But, hence, the statement boldly written several years ago on an exam for this course: “The Petrarchan sonnet was created by the Italian Francesco Petrarch and is also known as Italian Poetry.” Ah, she was going along so well until that last word! My simple blackboard chart comparing the Petrarchan (Italian) sonnet and the Shakespearean (English) sonnet somehow reduced, by means of the parenthetical a.k.a., all of Italian poetry into the work of a single writer. Why it didn’t do the same for all of English poetry I don’t know. Actually, I can’t say for sure that it didn’t do the same, since there was no opportunity on the exam to equate the Shakespearean sonnet with English poetry. This just goes to show me, once again, that one has to be careful what one writes on the blackboard, whatever color the blackboard may be (perhaps a blackboard is when they never say what color it really is?).

“I think in Shakespeare’s time it was easier to express yourself. William Shakespeare was good at expressing himself through poetry. Probably because it was his job.”

We begin here with a student’s frustration at not being able to say what she means. Reading a poem by Shakespeare that speaks eloquently of love, time, death, art, she notes not the complexity of thought, the demands of the sonnet form, the wit driving the flexible central image, but the seeming ease of the verse. Ah, expressing yourself was easier back then, evidently, because this poem never gropes for words, never stops to think: it’s so inevitable.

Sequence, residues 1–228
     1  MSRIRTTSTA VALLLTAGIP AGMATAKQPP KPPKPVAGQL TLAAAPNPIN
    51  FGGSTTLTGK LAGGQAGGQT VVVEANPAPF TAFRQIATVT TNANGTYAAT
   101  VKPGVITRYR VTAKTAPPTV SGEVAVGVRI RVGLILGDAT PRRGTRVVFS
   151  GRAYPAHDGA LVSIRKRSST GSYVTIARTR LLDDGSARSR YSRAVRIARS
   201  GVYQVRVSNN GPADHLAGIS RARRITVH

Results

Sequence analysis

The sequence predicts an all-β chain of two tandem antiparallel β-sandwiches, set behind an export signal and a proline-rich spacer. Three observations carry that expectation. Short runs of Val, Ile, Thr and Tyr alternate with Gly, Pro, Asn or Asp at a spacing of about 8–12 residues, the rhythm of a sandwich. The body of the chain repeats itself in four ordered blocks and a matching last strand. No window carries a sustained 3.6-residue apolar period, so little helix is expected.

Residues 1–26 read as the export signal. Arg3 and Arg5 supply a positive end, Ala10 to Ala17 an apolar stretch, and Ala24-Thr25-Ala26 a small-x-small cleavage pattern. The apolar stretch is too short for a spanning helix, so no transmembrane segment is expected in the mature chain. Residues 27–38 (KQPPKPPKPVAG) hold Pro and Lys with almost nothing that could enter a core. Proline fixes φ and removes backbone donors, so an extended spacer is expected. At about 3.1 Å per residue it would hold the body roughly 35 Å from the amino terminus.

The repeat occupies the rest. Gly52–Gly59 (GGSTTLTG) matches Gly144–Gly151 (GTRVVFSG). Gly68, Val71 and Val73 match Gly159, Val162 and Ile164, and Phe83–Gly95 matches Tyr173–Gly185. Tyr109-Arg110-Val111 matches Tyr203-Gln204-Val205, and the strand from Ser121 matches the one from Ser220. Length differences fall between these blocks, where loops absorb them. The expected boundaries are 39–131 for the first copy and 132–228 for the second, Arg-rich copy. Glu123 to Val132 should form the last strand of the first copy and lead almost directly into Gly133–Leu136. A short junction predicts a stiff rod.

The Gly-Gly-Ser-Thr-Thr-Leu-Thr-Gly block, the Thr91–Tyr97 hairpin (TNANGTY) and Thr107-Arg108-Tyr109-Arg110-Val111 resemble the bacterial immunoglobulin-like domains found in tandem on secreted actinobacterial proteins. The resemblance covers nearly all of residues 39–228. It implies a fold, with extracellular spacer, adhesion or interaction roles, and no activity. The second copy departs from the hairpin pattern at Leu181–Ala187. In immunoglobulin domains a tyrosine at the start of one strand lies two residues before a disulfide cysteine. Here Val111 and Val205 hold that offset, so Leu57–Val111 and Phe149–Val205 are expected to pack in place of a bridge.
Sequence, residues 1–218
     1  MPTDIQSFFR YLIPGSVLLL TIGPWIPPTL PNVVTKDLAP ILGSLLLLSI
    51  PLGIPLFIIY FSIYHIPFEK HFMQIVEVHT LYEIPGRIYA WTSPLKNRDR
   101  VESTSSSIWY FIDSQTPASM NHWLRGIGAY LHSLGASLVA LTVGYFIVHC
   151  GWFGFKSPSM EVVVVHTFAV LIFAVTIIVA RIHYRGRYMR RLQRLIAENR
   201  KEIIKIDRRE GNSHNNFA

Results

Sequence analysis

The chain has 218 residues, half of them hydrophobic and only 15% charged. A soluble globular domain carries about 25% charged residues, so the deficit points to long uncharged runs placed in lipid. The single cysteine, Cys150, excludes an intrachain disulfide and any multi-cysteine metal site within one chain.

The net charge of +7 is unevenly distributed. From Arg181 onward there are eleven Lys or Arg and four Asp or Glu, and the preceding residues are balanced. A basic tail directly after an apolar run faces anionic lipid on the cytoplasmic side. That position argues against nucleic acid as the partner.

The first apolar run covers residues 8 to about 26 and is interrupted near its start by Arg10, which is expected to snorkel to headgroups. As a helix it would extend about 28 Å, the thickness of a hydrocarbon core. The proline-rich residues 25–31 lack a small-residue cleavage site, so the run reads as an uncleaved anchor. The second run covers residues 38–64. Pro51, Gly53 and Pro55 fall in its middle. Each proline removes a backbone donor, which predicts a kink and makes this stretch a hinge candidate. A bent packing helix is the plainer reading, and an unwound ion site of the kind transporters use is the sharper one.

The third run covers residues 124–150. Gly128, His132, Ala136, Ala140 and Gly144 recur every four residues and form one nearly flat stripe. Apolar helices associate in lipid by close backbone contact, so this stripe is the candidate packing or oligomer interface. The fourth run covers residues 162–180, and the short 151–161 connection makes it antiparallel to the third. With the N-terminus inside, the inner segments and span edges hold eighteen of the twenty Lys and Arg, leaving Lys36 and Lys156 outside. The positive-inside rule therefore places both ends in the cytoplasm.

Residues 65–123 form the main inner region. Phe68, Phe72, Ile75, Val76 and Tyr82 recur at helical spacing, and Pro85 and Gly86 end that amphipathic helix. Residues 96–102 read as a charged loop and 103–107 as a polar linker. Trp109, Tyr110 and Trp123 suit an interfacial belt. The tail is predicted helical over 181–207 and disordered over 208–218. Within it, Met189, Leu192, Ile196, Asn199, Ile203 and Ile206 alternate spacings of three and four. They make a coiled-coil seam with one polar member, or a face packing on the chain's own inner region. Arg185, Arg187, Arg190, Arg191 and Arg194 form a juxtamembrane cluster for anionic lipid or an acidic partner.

Then on to the observation that Shakespeare was “good at expressing himself through poetry.” Well, that’s a fact; or, rather, it’s a fact that Shakespeare was good at expressing ideas and emotions through poetry. So much of what a working poet had to say “in Shakespeare’s time” was suggested by convention, model, and genre expectations. Granted, Shakespeare was one of the writers actively developing those conventions and genres; but reading sonnets by other poets of his day will reveal some of the same thoughts, some of the same images, also eloquently expressed.

But why quibble with whether Shakespeare was expressing himself or expressing ideas associated with the sonnet form, filtered through his own experience or beliefs? The wonderful thing here is the afterthought, the tagged-on speculative explanation, that not only undercuts Shakespeare’s achievement but also nicely flips the cause-effect relationship usually implied by “because.” Shakespeare was good at expressing himself through poetry because it was his job.

Maybe today it may seem as if people get jobs and then become good at them: witness any number of pop stars, for example. In fact, to an extent that is always true: in “my day,” before people could major in business as undergraduates, plenty of liberal-arts majors took their BAs into the marketplace and found jobs in business, jobs they actually did learn to be good at once they had them. But generally speaking, I do like to continue to believe that a person enters a profession (or lands a job) because he or she has a talent for it, or has achievements that show an ability or preparation for it: the readiness predates the opportunity.

I know a fair number of poets, but none of them would claim to have gotten the “job” of poet and then become “good at” it.

Well, the student may just have been expressing a wistful notion that if she had the job of poet, she, too, would be good at expressing herself…but until that happy day, she is stuck having a hard time.

Of these possibilities—envy, resignation, desire—which do you think she meant?

Happy Labor Day.